One of the difficulties when tackling an EFL adult elementary lesson is how to work on simple language without things being too simplistic. All too often, published ELT materials cover the same boring old ground that these students probably had (and failed) to learn when they were 12 years old.
Where are you from? How many brothers/sisters do you have? What hobbies do you have? What’s your favourite television programme?
So for a while now, I’ve been trying to find ways of making the adult elementary classroom more mature, while still keeping the challenge at an appropriate level. After all, the students aren’t children and they aren’t stupid; they just don’t have a high level of English (yet!).
This Monday I taught an elementary group for a one-off 90-minute lesson (their normal teacher was away). The students were from all over the world and had all started at SGI that very morning. The conditions were ripe for getting to know each other better!
I wanted things to be personalised, creative and appropriate for adults’ cognitive abilities and senses of humour. So this is what we did, in 3 easy steps…
1. Getting to know you: the ‘lies’ game
I introduced myself as Danielle (the teacher I was covering). They looked on their timetables and saw that, yes, Danielle was due to be their teacher that morning. I shook my head, crossed out ‘Danielle’ on the board and told them my name is actually Laura. They laughed. I elicited and concept-checked ‘a lie’ and ‘to lie’.
I wrote 3 sentences on the board about me. Two were true; one was false. (You might know this popular get-to-know-you activity…) I checked students understood the words ‘true’ and ‘false’, and in pairs, they set about guessing which of my 3 sentences was the false one.
After this demonstration, the students played the game themselves in pairs, like this:
First, each student wrote 3 sentences about him/herself, including 1 lie, and I went around monitoring to check they understood the task and that their sentences were grammatical.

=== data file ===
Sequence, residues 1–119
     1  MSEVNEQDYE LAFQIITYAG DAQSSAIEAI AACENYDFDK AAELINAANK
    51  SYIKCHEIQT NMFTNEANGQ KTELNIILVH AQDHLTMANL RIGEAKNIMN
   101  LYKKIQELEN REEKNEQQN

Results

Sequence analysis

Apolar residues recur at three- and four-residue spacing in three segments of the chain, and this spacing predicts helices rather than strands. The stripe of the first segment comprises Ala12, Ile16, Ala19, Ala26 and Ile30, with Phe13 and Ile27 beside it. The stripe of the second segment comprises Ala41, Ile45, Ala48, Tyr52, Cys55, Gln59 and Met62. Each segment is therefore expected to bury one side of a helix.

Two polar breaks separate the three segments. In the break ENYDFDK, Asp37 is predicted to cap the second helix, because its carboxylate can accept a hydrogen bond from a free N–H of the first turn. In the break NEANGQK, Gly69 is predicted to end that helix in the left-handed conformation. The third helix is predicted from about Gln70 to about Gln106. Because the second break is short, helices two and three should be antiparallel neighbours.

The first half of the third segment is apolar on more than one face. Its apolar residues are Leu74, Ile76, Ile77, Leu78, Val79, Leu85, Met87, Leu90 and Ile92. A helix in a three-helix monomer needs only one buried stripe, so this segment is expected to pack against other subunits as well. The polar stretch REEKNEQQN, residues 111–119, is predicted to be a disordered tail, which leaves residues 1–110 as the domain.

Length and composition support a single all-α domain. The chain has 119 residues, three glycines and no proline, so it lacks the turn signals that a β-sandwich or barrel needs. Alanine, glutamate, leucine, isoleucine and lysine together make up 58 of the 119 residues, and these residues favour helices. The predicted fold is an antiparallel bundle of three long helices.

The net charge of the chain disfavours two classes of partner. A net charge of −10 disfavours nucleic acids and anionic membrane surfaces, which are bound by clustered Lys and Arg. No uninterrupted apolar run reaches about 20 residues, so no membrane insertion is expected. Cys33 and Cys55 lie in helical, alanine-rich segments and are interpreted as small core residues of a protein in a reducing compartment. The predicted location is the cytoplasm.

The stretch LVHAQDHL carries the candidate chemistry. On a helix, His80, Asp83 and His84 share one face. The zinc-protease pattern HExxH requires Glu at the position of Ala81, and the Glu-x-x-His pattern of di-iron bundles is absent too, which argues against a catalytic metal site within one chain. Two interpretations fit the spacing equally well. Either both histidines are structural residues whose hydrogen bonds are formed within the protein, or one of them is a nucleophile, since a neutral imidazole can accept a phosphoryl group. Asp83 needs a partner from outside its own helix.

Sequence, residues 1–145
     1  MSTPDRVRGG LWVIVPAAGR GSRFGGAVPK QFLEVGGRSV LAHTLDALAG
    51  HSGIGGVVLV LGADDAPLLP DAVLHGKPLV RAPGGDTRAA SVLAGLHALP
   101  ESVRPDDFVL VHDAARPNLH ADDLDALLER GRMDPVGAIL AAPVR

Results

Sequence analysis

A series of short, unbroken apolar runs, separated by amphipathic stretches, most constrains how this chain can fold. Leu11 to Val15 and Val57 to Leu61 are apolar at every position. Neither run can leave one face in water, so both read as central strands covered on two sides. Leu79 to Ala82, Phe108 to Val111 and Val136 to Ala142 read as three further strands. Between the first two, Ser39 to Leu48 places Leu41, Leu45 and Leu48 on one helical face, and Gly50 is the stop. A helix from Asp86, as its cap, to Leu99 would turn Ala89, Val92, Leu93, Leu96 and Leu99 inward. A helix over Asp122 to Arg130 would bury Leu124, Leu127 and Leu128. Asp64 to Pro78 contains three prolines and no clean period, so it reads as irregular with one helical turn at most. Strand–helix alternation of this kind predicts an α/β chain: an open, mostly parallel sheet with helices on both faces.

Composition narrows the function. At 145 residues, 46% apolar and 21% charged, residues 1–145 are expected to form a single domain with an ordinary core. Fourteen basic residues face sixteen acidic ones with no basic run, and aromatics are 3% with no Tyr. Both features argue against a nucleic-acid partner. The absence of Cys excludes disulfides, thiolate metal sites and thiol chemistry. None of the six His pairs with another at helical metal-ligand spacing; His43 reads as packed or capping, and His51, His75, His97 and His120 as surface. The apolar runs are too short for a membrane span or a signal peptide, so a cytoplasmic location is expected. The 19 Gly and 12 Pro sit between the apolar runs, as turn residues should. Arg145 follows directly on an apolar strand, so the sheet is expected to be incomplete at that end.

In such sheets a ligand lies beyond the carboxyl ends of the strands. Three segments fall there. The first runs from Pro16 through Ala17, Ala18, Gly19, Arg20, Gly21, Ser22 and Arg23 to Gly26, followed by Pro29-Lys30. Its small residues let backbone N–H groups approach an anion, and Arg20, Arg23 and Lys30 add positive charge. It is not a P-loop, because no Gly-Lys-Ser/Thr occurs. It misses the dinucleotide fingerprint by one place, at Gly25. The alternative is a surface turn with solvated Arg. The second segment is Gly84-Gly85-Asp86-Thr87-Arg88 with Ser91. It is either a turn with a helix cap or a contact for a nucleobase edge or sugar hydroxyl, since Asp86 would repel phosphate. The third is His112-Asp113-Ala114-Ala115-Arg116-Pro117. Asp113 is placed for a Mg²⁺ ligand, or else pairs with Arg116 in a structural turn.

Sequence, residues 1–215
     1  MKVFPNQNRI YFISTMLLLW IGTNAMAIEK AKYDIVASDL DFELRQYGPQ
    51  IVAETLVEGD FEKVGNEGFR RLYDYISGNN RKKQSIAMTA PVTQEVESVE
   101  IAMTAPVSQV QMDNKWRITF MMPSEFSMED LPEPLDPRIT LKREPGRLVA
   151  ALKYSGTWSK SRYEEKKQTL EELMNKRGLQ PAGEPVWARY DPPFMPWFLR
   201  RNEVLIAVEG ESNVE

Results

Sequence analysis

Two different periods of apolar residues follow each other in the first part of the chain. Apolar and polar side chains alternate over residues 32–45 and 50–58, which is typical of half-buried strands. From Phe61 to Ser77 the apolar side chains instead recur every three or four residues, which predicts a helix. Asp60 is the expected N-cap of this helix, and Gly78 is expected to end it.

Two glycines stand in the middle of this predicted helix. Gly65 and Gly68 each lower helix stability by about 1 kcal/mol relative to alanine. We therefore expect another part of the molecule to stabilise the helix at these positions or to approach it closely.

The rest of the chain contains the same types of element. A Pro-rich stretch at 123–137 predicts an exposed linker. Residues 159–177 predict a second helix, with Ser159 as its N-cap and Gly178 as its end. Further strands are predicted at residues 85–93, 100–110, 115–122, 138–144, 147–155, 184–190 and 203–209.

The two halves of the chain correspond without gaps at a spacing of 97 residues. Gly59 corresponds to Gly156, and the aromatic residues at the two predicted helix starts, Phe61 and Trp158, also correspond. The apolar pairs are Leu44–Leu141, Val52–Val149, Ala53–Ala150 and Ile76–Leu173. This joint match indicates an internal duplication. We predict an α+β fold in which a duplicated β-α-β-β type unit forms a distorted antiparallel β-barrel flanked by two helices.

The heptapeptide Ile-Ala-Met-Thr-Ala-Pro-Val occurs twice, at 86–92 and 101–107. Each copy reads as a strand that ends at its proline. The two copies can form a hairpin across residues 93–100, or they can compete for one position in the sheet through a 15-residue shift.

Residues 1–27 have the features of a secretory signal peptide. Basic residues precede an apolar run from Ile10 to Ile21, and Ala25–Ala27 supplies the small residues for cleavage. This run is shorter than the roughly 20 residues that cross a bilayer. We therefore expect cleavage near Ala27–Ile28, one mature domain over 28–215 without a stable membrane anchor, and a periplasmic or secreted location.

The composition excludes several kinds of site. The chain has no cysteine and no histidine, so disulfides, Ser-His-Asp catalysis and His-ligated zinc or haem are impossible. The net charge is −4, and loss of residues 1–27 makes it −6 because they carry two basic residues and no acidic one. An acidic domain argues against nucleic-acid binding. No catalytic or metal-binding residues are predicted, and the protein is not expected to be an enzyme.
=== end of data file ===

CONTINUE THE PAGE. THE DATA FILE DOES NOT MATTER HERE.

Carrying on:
Once their sentences were ready, they had to say (not show) them to their partners (to get them speaking a bit, using language they were confident was correct). Their partners had to ask questions to discover the lie!
2. Lies to tell small kids
I showed the students the book* I’d brought to class:
I explained its purpose. (If you’re not familiar with it, it’s just a humorous book of illustrations of silly things you could tell small children which they’d probably believe.)
I gave each pair an example illustration, but from which I’d removed the book’s caption. They had to try and work out what the lie was. After some speculation in pairs, I revealed the following page from the book…
3. Create your own!
By now, the students got the idea. I gave each pair a different illustration from the book and they had to create their own lies to go with the illustrations.
(This pair had 2 good suggestions for lies which their picture might represent, so they wrote them both!)
I won’t tell you what the original captions were – you’ll have to buy/find the book! 🙂
* ‘Loads More Lies to Tell Small Kids’ is the sequel to ‘Great Lies to Tell Small Kids‘, both written and illustrated by Andy Riley, who also created the ‘Bunny Suicides’ series, another collection of humorous illustrations.